A panel of four leading experts, including Michael Walker (consultant referee analyst for the Government Chemist Programme) discuss food adulteration, fraud and prevention during a webinar organised by FoodQualityNews.
The Food Fraud Forum, which was broadcast live on 27 May 2015, is available to listen to on demand. It also featured Dr John Spink, from Michigan State University, Chris Van Gundy, from Keller and Heckman LLP, and Dr Paul Brereton from the Food and Environment Research Agency (Fera).
Michael, who was a subject matter expert for Professor Chris Elliott during the Elliott review into the integrity and assurance of food supply networks, described the Elliott review process and answered questions on definitions of food fraud (misdescription of food for financial gain), and the prevention of food fraud.
The engaging discussion included questions submitted live by listeners and covered a range of topics, including the risks industry faces throughout the supply chain, from those making the ingredients to the retailer selling the final product.
Around 200 people listened in, many with questions posed in quick-fire fashion to the panellists by Joe Whitworth, a French-based journalist with FoodQualityNews who organised and moderated the forum.
The current issues around the cumin recalls (rescinded in Canada) were touched on, as well as trust and traceability in the supply chain. The panellists agreed fraud had been in the supply chain for a long time, and was here to stay, but gave practical suggestions on how to put barriers in the way to – as John Spink put it – “keep the bad guys out of your business”.
Filed under: Allergies, EU Regulation/Legislation | Tags: allergens, Food labelling, foods
A fit and healthy 22-year-old girl collapses suddenly after eating a cake and is rushed to hospital. She spends three days in intensive care and five more days in hospital recovering. Poison might have been suspected but there is no investigation for attempted murder. The culprit is caught but walks free from court with just a £7,500 fine.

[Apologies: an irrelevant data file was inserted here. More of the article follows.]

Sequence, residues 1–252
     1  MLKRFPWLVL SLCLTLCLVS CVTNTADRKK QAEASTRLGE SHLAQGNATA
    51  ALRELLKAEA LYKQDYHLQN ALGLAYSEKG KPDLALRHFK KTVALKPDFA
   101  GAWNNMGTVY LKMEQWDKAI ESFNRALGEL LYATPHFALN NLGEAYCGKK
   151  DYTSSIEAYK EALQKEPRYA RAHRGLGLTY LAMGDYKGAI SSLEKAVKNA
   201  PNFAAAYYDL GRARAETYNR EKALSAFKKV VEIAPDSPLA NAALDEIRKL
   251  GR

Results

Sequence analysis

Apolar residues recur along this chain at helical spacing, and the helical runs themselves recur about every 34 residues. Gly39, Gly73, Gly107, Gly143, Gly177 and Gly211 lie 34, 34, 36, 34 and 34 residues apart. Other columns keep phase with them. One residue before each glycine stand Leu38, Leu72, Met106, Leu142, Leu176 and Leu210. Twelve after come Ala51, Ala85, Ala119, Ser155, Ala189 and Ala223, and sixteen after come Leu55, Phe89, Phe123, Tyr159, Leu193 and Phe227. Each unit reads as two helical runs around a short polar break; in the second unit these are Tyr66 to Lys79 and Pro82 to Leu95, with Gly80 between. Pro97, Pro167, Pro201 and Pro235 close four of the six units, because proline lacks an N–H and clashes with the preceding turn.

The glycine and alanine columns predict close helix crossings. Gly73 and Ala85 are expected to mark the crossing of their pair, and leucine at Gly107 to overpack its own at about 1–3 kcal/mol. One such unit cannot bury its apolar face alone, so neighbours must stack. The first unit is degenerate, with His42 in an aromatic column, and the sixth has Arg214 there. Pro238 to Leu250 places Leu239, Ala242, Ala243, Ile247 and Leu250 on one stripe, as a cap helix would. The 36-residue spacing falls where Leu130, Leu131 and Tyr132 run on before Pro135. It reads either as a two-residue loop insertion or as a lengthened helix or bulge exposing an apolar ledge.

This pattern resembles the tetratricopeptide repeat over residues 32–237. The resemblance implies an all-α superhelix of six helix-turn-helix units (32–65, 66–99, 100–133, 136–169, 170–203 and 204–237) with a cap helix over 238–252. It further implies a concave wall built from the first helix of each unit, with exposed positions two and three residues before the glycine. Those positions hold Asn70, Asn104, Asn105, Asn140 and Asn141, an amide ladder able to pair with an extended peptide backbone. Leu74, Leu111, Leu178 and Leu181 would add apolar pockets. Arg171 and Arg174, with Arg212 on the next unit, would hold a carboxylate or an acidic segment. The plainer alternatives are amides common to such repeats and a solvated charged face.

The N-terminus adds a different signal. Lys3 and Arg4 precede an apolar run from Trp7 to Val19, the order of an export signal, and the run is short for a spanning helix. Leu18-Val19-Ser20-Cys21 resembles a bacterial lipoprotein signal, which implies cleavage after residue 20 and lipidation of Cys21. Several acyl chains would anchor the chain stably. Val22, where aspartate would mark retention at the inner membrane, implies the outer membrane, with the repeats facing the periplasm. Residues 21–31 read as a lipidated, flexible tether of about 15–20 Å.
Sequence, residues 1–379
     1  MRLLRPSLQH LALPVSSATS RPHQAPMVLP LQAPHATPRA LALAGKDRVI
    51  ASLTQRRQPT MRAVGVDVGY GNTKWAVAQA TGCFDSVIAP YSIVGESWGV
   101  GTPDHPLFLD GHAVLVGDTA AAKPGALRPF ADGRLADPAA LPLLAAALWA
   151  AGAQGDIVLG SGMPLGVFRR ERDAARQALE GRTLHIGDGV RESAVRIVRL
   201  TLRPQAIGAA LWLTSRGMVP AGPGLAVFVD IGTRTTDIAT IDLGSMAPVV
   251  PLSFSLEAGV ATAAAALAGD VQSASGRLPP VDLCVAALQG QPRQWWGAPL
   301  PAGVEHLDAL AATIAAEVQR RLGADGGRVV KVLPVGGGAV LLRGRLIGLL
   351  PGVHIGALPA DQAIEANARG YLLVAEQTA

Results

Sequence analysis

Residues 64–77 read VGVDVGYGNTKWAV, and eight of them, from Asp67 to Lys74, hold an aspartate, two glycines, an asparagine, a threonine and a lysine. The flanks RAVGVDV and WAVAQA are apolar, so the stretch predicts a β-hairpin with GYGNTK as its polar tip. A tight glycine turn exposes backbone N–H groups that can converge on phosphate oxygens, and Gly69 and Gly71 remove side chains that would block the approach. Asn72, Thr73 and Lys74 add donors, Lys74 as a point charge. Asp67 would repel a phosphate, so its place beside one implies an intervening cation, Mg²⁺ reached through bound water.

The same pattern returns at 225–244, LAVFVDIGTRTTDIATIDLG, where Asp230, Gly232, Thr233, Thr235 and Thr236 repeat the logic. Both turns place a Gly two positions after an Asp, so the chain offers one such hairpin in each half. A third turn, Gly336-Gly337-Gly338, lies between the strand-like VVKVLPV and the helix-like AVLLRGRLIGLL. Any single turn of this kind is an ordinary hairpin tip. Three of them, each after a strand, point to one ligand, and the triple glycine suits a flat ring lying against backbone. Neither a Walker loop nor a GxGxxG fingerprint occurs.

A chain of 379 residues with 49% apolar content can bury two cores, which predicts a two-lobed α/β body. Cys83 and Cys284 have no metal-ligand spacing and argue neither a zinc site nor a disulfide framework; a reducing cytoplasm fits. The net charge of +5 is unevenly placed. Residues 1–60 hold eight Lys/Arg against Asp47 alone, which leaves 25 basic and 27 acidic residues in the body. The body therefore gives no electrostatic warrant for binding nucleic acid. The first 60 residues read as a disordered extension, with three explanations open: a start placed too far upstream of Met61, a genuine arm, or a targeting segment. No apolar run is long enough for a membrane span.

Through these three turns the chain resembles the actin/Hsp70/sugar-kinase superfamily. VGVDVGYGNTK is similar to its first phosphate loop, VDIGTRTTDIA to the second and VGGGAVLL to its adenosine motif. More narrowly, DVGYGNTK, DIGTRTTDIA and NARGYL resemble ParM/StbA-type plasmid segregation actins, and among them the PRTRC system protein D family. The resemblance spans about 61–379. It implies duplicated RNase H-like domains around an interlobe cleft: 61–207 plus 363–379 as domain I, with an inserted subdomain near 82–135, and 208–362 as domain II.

You may find this shocking, but this was a real UK court case in 2010. The poison: peanuts. The charge: selling falsely labelled food.
In a comment article in the latest issue of Chemistry and Industry magazine (13 March 2015), Michael Walker, Consultant Science Manager for the Government Chemist, and Hazel Gowland, from Allergy Action, discuss this court case as part of a recent review they carried out examining court cases in the UK involving fatalities, personal injury, or criminal non-compliance with food law.
The article outlines the role businesses must play in protecting people with food allergies and the need for tough sanctions if they fail in their duty. They explain the difficulties in detecting the presence of allergenic proteins in foods and why techniques for measuring allergens need to be standardised.
Visit the Chemistry and Industry website to access a copy of the article.
Filed under: Environment/Ecology | Tags: biofuels, Environmental, Food labelling
The Government has announced its intention to source all palm oil used in its central food and catering services from sustainable sources by the end of 2015. The Government will also set up an advice and information service to help UK businesses and government procurers work towards 100 % sustainable palm oil.
Deforestation is a major contributor to climate change and does arise in some areas of the world as a result of palm oil production. Palm oil and palm kernel oil are used in the food industry as frying fats and as ingredients in a wide range of foods such as biscuits, margarine, snacks and bakery products. They are also used in the production of biodiesel, in animal feed, and soaps and other cleaning products and cosmetics.
The question, from a measurement standpoint, is whether there is any laboratory test that can verify that palm oil is from a sustainable source or not? We know that geographical origin can be ascertained using techniques such as isotope-ratio mass spectrometry (IRMS), so can we predict a need for such services when this laudable scheme is implemented fully?
The Department of Environment, Food and Rural Affairs (Defra) have called for restaurants, pubs and caterers to state the country of origin of the food they sell.
Any legislation in this area will require enforcement laboratories to be able to distinguish between major ingredients of foods from different countries of origin, which will present a significant, but not insuperable, challenge.